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Eye Clinic

Our Eye Clinic renews the sight of hundreds of people every year who, without our help, would lead incredibly difficult lives in Burma.

Our volunteer eye surgeon treating a patient

History

The eye care department began modestly in a bamboo shed in 1995 with three eye medics doing exams, treating basic eye diseases and refracting and dispensing donated eyeglasses after being trained by a border eye program. By the end of 1996, the medics were able to see 30 patients a day and started an outreach program in the Karen state (this was later discontinued due to security reasons).

In 1997, with the support of Karen Aid, and under the auspices of the IRC, a surgical team from the United Kingdom began facilitating on-site eye surgery. Initially there was just one annual visit, in which approximately 10 surgeries were performed. Nowadays, the team comes three times a year, performing 400 to 500 eye surgeries.

The patients come from nearby factories and refugee camps, as well as from inside Burma, sometimes as far as Mandalay. Most have cataracts or glaucoma; others are victims of landmines, or suffer from infections or inappropriate application of traditional medicines.

Services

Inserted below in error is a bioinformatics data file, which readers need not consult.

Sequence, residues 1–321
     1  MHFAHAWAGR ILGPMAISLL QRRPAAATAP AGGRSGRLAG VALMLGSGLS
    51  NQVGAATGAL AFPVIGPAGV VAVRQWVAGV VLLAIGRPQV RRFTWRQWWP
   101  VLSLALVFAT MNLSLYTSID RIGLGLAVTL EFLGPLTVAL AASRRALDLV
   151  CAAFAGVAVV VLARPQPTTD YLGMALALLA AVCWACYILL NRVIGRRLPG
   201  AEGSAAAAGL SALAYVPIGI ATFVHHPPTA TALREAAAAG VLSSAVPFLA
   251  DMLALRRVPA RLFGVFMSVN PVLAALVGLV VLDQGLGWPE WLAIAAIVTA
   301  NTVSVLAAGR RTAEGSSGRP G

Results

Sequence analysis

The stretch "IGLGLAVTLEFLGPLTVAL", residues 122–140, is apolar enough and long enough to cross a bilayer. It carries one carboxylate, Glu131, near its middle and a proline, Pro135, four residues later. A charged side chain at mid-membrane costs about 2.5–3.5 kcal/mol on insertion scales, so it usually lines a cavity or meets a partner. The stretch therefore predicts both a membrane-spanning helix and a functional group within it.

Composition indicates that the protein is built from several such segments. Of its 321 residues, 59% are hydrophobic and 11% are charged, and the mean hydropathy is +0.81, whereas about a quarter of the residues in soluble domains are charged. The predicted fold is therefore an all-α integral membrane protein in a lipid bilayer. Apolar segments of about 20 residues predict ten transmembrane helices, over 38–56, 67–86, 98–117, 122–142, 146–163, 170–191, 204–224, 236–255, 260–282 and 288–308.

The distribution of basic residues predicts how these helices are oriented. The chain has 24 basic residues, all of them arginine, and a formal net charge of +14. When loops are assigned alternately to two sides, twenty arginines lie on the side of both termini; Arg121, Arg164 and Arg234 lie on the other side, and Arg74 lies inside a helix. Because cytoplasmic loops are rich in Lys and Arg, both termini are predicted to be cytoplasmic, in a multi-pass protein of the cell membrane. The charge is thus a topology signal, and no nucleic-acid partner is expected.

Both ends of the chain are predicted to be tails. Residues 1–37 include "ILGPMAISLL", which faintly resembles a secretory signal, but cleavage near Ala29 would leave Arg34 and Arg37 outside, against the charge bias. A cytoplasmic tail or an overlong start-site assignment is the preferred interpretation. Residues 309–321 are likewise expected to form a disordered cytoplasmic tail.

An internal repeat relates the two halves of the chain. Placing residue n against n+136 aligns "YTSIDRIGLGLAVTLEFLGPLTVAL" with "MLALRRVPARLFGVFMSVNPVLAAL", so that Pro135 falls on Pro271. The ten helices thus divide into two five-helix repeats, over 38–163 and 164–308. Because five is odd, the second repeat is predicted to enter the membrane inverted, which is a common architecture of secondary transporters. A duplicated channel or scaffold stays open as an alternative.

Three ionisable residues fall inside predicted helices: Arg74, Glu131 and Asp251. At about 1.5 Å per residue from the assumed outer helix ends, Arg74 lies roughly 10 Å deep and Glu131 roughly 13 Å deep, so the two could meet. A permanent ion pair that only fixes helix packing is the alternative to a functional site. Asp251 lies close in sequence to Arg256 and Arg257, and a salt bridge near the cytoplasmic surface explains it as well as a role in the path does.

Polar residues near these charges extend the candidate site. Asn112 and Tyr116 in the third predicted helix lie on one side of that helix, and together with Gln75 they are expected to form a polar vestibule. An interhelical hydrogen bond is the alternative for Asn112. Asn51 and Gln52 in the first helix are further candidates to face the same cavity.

The department is currently staffed by twelve full time eye medics: one eye clinic program manager, one clinical supervisor, one optometrist and several community health workers and volunteers. In the last decade the clinic has grow to offer a variety of different services:

  • Facilitation of eye surgery for cataracts and glaucoma
  • Eye screening and eye health training for teachers in migrant schools
  • Treatment of eye infections such as trachoma (the leading infectious cause of blindness in the world)
  • Overseeing and running a mobile eye-clinic outreach service in the Mae-La district
  • Facilitation of eye health training for teachers, interns, nurses, health assistants, backpack medics and community health workers

 Challenges

Although the surgeries are provided free to patients, financial difficulties are still present for patients and their families who, in most cases, have to borrow money or sell livestock to pay for transportation and expenses incurred in getting to the clinic. High transportation costs, the risk of arrest, and the inability of family to accompany them makes it difficult for some patients to access the clinic. These difficulties also make it hard for the clinic to carry out follow up care and assess long-term success. In recent years, the clinic has received a large number of patients and their families; this causes overcrowding of the clinic’s halls, rooms and any possible space under the shade of a tree.

There are still only basic instruments, a limited supply of eyeglasses and lack of space to treat large amounts of patients. Unfortunately, some of the patients must leave disappointed.